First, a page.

Kentucky Local News, Weather, Sports | Lexington, KY | WKYT

Search for missing kayaker on Green River

LOUISVILLE, Ky. (AP) - South-central Kentucky counties hardest
hit by torrents of rain during the weekend sought help from the
National Guard on Tuesday as officials said the flooding death toll
was likely to rise after a kayaker was reported missing on the
swollen Green River.
"It's serious out there still," said Mark Marraccini,
spokesman for the Kentucky Department of Fish and Wildlife. "These
waters are very dangerous."
Four people were killed after the weekend's storms washed out
roads and bridges across the southern and central part of the
state, state officials said. Flooding also shuttered post offices,
schools, government buildings and at least one firehouse.
A kayaker from Radcliff remained missing Tuesday in the Green
River around Munfordville, Marraccini said.
Robert W. Atcher has not been seen since Monday afternoon, when
the kayak he was paddling hit a logjam on the swiftly running river
and the current pulled him under water, Marraccini said.
More than 30 National Guard troops were assisting local
authorities in the hardest-hit areas of Monroe, Metcalfe, Casey and
Harrison counties, said David Altom, spokesman for the Kentucky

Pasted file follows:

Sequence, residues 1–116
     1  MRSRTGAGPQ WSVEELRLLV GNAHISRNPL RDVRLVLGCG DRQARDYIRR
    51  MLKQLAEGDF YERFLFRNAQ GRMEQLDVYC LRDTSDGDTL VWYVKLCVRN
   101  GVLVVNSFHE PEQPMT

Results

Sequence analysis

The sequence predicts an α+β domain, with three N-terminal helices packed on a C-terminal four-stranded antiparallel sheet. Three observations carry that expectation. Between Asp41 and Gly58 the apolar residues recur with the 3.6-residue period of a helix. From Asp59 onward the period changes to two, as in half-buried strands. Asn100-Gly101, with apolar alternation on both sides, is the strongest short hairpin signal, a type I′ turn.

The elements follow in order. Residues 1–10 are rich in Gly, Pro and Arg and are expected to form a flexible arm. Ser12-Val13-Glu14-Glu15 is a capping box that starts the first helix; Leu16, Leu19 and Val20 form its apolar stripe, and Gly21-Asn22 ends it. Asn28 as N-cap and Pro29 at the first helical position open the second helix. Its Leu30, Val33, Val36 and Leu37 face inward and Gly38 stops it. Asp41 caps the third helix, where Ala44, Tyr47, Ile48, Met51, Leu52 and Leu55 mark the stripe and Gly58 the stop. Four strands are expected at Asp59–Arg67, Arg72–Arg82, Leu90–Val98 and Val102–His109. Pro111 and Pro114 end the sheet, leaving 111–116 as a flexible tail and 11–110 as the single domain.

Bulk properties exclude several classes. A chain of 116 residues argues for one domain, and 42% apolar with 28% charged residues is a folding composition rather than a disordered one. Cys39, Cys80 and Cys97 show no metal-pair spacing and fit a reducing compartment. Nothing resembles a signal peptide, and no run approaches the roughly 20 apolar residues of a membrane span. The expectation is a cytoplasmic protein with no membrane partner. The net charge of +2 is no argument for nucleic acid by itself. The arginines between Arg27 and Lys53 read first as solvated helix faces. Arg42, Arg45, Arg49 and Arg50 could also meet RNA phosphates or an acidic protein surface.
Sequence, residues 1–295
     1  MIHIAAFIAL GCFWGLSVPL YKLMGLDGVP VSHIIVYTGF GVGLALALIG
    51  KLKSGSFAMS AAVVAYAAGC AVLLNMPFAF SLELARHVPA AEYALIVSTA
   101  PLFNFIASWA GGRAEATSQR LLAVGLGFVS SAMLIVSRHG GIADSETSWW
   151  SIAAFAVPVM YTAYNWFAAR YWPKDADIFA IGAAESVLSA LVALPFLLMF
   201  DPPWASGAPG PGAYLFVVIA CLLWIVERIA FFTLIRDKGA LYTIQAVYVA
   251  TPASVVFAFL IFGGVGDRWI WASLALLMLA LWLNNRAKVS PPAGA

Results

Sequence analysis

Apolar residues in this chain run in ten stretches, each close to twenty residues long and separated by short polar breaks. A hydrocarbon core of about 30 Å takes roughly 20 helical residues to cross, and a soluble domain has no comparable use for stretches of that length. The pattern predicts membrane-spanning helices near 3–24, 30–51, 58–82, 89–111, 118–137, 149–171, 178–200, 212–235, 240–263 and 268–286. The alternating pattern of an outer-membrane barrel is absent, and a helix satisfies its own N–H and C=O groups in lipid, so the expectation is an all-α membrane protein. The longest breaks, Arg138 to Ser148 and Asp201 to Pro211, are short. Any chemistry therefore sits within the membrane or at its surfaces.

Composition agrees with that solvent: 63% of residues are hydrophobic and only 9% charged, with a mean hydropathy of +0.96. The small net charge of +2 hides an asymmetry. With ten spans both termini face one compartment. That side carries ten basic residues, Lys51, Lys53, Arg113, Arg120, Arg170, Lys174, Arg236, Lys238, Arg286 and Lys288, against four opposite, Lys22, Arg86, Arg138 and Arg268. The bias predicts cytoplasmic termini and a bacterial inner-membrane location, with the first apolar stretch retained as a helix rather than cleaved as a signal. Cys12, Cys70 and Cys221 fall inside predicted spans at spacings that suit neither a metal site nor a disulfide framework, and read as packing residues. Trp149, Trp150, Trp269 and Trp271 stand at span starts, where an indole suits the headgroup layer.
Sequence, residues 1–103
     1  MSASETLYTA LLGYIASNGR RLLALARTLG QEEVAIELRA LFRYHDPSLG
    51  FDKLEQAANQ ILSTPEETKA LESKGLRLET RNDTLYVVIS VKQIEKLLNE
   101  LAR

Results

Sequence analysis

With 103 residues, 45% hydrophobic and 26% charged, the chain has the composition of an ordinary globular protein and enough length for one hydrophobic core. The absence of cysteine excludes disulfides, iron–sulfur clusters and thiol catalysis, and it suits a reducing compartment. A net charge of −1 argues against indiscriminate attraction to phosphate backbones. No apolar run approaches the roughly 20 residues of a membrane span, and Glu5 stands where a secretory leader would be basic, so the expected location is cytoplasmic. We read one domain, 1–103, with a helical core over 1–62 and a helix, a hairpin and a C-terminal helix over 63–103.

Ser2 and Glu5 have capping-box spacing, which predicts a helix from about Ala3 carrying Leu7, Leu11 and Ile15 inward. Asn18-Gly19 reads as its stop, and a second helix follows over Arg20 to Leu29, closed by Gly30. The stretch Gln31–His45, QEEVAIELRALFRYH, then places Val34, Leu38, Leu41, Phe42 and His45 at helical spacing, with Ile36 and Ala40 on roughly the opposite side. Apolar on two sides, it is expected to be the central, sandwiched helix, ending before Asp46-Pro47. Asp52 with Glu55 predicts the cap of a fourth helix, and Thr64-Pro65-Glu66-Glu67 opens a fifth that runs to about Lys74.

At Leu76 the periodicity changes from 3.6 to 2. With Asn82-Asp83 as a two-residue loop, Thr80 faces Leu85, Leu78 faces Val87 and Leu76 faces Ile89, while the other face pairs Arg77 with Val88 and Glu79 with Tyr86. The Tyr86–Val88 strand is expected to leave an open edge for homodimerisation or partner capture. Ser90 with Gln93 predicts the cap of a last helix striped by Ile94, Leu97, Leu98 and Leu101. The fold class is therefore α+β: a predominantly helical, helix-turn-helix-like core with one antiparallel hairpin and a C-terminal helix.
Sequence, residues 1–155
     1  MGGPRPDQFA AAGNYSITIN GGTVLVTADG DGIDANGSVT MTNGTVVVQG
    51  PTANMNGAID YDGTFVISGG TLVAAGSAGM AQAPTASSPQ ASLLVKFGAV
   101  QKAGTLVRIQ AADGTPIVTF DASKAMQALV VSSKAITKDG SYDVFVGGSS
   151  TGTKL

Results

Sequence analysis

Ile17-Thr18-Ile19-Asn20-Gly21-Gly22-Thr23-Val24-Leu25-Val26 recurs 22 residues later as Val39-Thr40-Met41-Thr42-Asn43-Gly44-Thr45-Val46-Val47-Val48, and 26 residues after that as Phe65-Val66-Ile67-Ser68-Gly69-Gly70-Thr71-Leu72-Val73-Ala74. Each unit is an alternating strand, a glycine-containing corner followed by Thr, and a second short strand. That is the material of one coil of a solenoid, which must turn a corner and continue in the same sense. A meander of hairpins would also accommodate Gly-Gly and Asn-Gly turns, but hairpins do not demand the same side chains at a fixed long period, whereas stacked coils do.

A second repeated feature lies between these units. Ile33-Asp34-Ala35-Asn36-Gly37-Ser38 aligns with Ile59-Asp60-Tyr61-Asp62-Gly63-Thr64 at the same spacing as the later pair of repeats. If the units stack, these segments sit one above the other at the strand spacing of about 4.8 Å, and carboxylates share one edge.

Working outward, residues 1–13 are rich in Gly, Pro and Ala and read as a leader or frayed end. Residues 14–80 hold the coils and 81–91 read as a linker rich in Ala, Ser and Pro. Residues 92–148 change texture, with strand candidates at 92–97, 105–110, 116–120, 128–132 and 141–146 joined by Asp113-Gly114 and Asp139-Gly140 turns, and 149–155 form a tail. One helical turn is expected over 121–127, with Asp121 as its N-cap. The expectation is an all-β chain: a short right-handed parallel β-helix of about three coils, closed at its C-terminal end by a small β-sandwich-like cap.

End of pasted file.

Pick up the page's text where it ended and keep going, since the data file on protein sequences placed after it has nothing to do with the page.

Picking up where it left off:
National Guard.
Altom said troops had also been assisting counties on Monday,
helping with blocked roads, assessing damage, assisting in
evacuations and delivering cots to shelters. Next up would likely
be helping with debris cleanup, he said.
In Olive Hill, the guard made way for the fire department, which
moved into the National Guard armory after the firehouse was
flooded, Altom said.
The Land Between the Lakes National Recreation Area in western
Kentucky was closed until further notice, with additional flooding
expected through the coming weekend, and visitors were warned to
stay away until the area was declared safe.
Both Kentucky Lake and Lake Barkley were at 366 feet Tuesday
afternoon, and were expected to rise to a record 370 feet because
of excessive flooding along the Cumberland River, according to a
news release.
"Flood waters are expected to continue rising through Saturday
and will not start dropping until next week," LBL spokeswoman
Kathryn Harper said in the release.
Flooding damaged some voting machines in Bath and Casey
counties. And some blank paper ballots were damaged in Warren
County, Secretary of State Trey Grayson said.
In Metcalfe County, one polling station will have to be
relocated because flood water swept away a community center where
people would have voted, Grayson said.
In Washington, D.C., the entire Kentucky delegation has sent
letters to President Barack Obama in support of Democratic Gov.
Steve Beshear's request Monday for a major disaster declaration for
Kentucky.
Emergency management officials were scheduled to hold a
statewide conference call Tuesday afternoon to discuss needs for
local communities, said Buddy Rogers, a spokesman for the state's
Division of Emergency Management.
Rogers said that 51 counties and 19 cities in Kentucky had
declared states of emergency.
The National Weather Service said Tuesday that "almost every
river over central Kentucky is flooding or is going to flood." The
worst flooding was expected on the Kentucky, Rolling Fork, Green,
Barren, Rough and Licking rivers, the weather service said.
The weekend storms and flash flooding also killed 18 people in
Tennessee, including 17 flood-related deaths, and six died in
Mississippi.


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